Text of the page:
I think the point is actually that it's NOT intentional but rather systemic - not unlike most bias - and as the kinds of variables you mention point to. Most of those are pretty classic excuses for not changing systems that give one group privileged over another. There are also a number of them that, legally (for now) can't actually be taken into consideration when hiring.

So while it may not prove that any one person is sexist, or any institution is actively discriminatory, it does point to a systemic issue that in an equal society should probably be addressed. The best argument for a systemic problem is actually that the numbers only jump slightly when the Artistic Director is female. If it were in fact just a bunch of sexist dudes doing the hiring causing the issue then as soon as a woman was at the helm the numbers of women hired would jump more.

Now, if your argument is that this data should be ignored as only anecdotal because women (or people of color, or gender-non-conforming folks, or the differently abled - all of whom are under-represented in LORT) 1) aren't as well educated in the field, 2) don't have the same amount of acceptable experience as their male counter parts, 3) are younger or older than their male counterparts, 4) are more married or have more children than their male counterparts and any or all of those is leading to a lack of hiring - if that's your argument - then you need to check yourself because that is some sexist/racist/ageist/ableist/cis BS.

I never said we should ignore it, but again, you can't even say this is evidence of systemic bias. You simply cannot infer anything from a statistical difference OTHER than that there is a difference. We need to find out why, and we have to stop inferring bias from statistical differences.

I suspect the reason--suspect--it's because of the cultural expectations that women sacrifice career for family and men sacrifice their family for careers. This is why men earn more: they work longer. Women --on average--work less hours and still do the majority of the childcare. If we do not examine these norms and continue to look at raw data and draw conclusions--which you *cannot do* with raw data--we will never address the problem.

Everything I've just said regarding inferring bias due to statistical differences and the different ways men and women work are widely known. I don't have to check myself. They teach not to infer meaning from data on day one of stats. The author states this herself. It is not sexist to offer a call for finding the cause. It drives me crazy that we flat out tell women the system is stacked against them from data that does nothing to say *why*.

Relevant. Highly relevant: https://youtu.be/cQNaT52QYYA

Congratulations again and thanks, Porsche. Including the correlations between who is hired with the artistic directors and directors responsible for the hiring is a very important step.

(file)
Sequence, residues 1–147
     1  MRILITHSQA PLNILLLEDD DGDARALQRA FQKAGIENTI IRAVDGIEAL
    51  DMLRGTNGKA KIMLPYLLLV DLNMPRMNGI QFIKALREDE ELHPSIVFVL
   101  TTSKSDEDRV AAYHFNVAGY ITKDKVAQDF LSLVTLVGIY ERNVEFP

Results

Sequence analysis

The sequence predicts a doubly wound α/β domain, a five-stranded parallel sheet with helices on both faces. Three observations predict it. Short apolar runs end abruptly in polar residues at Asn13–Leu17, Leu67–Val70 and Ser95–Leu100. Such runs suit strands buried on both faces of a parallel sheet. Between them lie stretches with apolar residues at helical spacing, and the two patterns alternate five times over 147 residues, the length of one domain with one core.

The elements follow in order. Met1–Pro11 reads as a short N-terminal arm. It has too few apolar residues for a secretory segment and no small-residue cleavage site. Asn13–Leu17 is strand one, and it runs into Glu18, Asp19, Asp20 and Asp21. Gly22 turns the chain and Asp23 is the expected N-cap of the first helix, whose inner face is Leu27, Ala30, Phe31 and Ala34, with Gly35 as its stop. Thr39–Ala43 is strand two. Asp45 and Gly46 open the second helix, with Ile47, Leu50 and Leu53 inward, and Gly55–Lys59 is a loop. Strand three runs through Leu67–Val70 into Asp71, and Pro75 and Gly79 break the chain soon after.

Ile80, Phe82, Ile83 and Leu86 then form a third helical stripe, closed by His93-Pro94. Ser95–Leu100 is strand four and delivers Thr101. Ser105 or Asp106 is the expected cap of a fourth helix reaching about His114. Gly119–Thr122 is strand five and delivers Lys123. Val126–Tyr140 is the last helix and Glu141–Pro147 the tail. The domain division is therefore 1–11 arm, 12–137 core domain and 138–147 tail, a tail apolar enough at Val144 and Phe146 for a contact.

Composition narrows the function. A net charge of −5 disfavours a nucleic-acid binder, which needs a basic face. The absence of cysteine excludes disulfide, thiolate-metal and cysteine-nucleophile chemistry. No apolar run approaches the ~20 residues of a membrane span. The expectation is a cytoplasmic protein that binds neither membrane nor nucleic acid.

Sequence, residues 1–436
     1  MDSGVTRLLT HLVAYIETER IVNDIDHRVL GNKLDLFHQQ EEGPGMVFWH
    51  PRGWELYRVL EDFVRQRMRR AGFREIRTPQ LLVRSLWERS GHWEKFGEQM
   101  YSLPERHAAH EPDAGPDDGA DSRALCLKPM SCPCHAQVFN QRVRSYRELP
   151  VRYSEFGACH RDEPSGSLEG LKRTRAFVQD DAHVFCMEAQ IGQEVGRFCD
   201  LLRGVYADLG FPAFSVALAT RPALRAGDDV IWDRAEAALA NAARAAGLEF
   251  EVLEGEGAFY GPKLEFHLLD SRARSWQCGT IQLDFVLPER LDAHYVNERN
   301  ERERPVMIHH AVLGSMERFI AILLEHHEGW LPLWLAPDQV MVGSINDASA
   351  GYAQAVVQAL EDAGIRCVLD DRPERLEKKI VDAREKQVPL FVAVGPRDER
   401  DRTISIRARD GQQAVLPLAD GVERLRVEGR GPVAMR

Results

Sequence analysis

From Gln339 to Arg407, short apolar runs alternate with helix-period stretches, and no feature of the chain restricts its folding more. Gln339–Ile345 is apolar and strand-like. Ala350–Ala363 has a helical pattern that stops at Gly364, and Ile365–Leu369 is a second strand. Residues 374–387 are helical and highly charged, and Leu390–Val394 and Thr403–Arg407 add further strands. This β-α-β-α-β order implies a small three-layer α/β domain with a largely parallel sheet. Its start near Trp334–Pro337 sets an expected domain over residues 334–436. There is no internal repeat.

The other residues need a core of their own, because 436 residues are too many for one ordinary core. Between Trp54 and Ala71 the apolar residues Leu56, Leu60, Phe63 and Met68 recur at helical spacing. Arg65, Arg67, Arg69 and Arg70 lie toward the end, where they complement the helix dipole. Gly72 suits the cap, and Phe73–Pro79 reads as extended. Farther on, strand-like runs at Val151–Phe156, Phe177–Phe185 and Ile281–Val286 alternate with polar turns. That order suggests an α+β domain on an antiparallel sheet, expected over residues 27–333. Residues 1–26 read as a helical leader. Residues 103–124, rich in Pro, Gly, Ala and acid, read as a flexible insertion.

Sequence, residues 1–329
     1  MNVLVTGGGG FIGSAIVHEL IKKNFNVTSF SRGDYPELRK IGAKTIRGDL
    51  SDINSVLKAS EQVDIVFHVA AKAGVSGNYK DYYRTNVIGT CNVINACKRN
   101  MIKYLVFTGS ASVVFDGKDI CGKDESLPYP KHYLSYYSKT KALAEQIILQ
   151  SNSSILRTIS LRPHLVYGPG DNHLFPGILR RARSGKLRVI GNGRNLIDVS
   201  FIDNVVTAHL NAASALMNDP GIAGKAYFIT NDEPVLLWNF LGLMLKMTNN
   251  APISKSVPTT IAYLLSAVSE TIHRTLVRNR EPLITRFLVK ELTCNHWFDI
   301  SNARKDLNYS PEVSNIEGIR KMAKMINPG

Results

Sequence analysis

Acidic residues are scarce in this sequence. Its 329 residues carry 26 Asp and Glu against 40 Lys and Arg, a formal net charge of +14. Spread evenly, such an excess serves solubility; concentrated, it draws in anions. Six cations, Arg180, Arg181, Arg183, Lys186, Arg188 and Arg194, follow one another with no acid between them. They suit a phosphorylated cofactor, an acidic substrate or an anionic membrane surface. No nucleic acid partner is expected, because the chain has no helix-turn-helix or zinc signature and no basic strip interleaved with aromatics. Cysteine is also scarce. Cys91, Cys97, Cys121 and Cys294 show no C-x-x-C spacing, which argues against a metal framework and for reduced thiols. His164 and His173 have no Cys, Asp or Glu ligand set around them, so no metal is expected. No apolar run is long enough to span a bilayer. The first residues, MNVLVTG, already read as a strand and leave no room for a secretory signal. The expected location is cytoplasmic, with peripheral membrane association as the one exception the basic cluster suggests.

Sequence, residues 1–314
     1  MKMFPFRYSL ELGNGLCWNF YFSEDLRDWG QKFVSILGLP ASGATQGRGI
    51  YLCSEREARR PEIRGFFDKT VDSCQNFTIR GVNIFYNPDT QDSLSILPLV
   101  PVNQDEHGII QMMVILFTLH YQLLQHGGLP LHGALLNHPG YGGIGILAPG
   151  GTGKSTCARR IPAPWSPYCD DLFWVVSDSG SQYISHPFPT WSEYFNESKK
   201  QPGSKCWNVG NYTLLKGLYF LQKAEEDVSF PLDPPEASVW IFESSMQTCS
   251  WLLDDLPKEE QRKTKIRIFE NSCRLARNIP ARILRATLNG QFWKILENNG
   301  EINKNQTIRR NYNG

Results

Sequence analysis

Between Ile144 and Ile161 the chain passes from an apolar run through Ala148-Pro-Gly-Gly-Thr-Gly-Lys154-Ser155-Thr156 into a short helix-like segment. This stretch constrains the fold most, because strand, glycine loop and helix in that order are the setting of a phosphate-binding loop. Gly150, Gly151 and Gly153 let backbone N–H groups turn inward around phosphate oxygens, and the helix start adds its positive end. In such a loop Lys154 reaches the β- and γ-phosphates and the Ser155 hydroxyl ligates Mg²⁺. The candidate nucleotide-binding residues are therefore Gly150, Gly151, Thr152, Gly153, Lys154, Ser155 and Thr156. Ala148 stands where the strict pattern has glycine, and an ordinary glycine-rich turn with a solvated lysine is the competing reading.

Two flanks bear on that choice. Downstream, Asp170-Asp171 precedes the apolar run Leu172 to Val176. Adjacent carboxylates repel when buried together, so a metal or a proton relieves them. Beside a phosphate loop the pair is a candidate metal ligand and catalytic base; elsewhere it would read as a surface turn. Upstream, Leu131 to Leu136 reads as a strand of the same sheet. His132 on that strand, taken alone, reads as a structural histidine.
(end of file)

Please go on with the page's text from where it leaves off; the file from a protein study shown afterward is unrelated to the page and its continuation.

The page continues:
If there is one thing to be gleamed from this, it is that female directors and artistic directors do make a bit of a difference at bringing more diversity into their teams. I think a lot of LORT theaters hire who they know and we need to figure out a way to introduce them to who they don't know. There are a lot of very talented and capable diverse designers out there who would love to be hired at this level. Bringing in more diverse points of view to create the art will only enrich the art form.

Totally!

The portfolio reviews are great for designers just getting out of school, who graduate at equal numbers male, female and in-between - but most of those designers are not yet ready to design at LORT, so they assist and take on smaller designs with the expectation that a few years down the line, they'll have developed their skills, portfolio and contacts enough to move into LORT, off-Broadway and beyond. But it seems to me that transition is where the problem lies - 5-10 years out of school. Only overwhelmingly male designers (as shown by the research) and mostly white (anecdotal experience) make it past the early stages of a design career.

My guess is that the problem is then exasperated as women leave their theater careers to other, more lucrative careers for them that allow them to make a living and utilize their creative skills, or have kids and find that their families are more important than struggling in an industry that won't have them. When women drop out, that further restricts the pool leading people looking to hire to think that only men do this job and not looking farther than who they've already been hiring and are comfortable with and know can get the job done. It's always easier to hire someone you've worked with before and is proven than to take a chance on someone new.

There's also subconscious bias in hiring that preferences men's experience, talent & competency over women's. I've personally seen the most outwardly progressive people exhibit this bias and not even know it.

Then, take into account that every show is a new hire, unlike in other industries where you are hired once every few years, and the effects of preference grow exponentially.

Maybe we need something like the Kilroy's List that includes female & trans directors and designers doing excellent work on small budget non-union shows who need to be seen by greater audiences and noticed by theaters. http://thekilroys.org/list-...

And I ask all my male colleagues to be aware of who is making up your teams. If show after show after show you are on mostly male, mostly white teams, that's a problem. I guarantee you, there is a female assistant or intern in the room who notices the spread on every show she works on, and each show makes her more discouraged. Also, please be aware of who you recommend when a director or producer or another designer asks for recommendations. Are your lists overwhelmingly male? Why?

I totally missed this reply for the last week. It would be interesting to see after more seasons of data, if first-time hires percentages matched the averages or were statistically different. And yes, I support what you've said here.

Thank you so much for the data. It is so important to see the numbers. I had a board chair who kept telling us over and over: "you have to measure the things you want to change. "feeling it is not enough". You have done so much hard work on behalf of all of us, not just the women, but all of us.

Thank you for all the work you put into this year after year. It is so valuable to have facts to change perception. As you know, this goes right to my core as a female designer, and I thank you for the details that help me to understand the field better.